Computer Science Technical Reports
- CS-2000-1 (pdf)
Title Implementations of Bidirectional Reordering Algorithms Authors Steve Atkin and Ryan Stansifer Contact Email Address Faculty Sponsor Ryan Stansifer TR number assignment date October 4, 2000
The goal of this paper is to contribute to a deeper understanding of the Unicode Bidirectional Reference Algorithm. We have provided an alternative reference algorithm written in the functional language Haskell. The advantage of Haskell is it allows for a short, clear description of a complex problem.
We have run our algorithm, the two Unicode reference implementations, and the four others (ICU, PGBA, FriBidi, JDK 1.2) to test for compliance with the published standard. Conclusions are difficult to reach, but problems were found in the implementations and descriptions and above all with a character-stream to character-stream interpretations of the display of bidirectional text.
Title A Protocol Language Approach to Generating Client-Server Software Authors Melvin A.L. Douglas and Philip K. Chan Contact Email Address Faculty Sponsor Philip Chan TR number assignment date October 7, 2000
Client-server software is becoming more common as the Internet grows. To ease the burden of repeatedly writing low-level communication and protocol code, we seek to design a protocol language, My Simple Protocol Language (MSPL), that produces the corresponding communication functions. The programmer then supplies the rest of the application-specific code but never modifies the generated code. Besides saving development time, this approach also reduces programming errors. The potential to develop more efficient code also exists once the technique of generating code is mastered. The main contribution, however, is that unlike RPC, Corba or RMI, we provide the user with not only functions that take care of lower level communication data structures, but also the ordering and format of messages (protocol) which are specified in MSPL programs. The MSPL programs are then passed to the MSPL Compiler, which produces the low-level communication and protocol modules. These protocol modules are then linked to other user-written modules to produce the final software application.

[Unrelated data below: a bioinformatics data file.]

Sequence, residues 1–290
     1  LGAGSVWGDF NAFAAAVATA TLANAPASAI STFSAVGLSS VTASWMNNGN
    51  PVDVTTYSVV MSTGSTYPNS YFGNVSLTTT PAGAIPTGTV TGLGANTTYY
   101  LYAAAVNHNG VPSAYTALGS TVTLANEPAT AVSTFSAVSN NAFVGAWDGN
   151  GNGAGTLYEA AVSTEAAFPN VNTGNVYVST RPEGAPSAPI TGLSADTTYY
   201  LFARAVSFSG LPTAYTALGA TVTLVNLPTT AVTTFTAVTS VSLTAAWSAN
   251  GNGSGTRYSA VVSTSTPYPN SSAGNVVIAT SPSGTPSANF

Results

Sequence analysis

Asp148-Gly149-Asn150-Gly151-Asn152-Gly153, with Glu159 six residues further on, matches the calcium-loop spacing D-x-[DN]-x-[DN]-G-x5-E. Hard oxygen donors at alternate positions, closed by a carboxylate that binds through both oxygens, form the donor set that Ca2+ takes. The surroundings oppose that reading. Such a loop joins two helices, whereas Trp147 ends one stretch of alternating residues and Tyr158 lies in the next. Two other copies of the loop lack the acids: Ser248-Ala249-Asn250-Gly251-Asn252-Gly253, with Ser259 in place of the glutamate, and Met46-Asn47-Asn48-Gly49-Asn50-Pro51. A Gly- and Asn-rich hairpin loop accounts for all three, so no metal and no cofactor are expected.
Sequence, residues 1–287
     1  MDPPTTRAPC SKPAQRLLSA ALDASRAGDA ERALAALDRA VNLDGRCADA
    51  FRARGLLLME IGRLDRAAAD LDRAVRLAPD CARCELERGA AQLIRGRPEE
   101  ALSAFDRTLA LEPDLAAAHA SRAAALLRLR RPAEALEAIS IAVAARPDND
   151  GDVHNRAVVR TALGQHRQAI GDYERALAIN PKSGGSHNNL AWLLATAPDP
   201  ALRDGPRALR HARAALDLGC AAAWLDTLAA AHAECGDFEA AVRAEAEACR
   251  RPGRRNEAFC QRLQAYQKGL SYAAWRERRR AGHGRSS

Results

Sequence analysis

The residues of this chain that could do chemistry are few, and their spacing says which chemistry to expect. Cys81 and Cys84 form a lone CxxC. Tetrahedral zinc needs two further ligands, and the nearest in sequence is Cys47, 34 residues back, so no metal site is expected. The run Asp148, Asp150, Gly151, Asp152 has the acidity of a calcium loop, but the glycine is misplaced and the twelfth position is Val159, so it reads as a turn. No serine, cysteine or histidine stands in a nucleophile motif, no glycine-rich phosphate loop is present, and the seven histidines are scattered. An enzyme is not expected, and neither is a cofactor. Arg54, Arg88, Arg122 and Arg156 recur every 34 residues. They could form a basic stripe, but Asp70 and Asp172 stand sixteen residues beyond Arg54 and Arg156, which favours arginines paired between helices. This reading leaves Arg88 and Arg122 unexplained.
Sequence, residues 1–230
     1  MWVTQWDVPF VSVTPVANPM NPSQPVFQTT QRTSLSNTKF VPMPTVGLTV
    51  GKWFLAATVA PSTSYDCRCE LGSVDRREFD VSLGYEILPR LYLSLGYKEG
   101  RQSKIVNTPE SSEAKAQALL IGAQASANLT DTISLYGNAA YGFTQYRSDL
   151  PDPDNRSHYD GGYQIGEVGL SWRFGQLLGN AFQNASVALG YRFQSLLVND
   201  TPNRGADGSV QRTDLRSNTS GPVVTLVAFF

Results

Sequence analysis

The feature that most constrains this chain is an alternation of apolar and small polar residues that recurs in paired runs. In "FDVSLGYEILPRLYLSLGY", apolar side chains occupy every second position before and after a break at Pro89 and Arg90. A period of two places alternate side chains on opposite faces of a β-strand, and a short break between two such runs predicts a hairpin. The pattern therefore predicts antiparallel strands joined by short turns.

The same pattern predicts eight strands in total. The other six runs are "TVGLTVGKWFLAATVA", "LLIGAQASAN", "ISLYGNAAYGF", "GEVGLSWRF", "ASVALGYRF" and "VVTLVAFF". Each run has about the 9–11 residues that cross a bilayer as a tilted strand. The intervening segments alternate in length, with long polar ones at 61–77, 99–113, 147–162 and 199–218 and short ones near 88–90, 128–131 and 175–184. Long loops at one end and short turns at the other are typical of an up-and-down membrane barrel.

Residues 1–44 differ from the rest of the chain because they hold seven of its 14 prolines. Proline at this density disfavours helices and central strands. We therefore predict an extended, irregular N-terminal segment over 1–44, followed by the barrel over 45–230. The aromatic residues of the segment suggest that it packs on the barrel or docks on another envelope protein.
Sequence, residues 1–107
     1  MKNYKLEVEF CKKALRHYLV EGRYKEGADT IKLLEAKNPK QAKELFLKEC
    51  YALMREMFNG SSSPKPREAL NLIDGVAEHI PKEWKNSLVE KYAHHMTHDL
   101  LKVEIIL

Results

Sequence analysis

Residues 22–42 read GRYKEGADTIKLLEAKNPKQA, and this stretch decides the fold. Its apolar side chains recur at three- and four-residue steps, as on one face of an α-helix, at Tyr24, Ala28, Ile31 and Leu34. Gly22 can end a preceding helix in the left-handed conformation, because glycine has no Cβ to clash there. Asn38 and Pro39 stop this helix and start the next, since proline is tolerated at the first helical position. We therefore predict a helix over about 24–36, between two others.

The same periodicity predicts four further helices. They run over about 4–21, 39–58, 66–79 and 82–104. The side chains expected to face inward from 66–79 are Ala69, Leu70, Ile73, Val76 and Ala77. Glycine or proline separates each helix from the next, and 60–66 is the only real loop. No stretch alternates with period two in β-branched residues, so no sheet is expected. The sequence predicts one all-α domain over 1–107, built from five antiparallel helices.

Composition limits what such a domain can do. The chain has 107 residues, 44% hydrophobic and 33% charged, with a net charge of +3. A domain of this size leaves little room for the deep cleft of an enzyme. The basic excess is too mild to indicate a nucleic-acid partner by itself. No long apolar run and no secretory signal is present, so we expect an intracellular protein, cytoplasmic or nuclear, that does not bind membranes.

Title Enabling Mobile Agents Communication Authors Mohammad Samarah and Philip Chan Contact Email Address
Faculty Sponsor Philip Chan TR number assignment date October 23, 2000
In this paper, we investigate the need for well-suited remote communication architectures to address communication issues in mobile agent environments. We study the implication of mobility for agent architectures - specifically, ways in which the architecture may facilitate agent communication. We present an architecture for inter-agent communication suitable for remote messaging, agent monitoring, agent tracing, and agent debugging for mobile agent environments. The architecture allows for the dynamic adaptation of communication components. It provides for a seamless and continuous active communication during the agent migration process. We have implemented an agent framework simulator that conforms to all these requirements. The paper presents the results illustrating the framework dynamic behavior.
Keywords: Agent models and architectures, mobile agents, communication languages and protocols, performance evaluation, distributed location registry.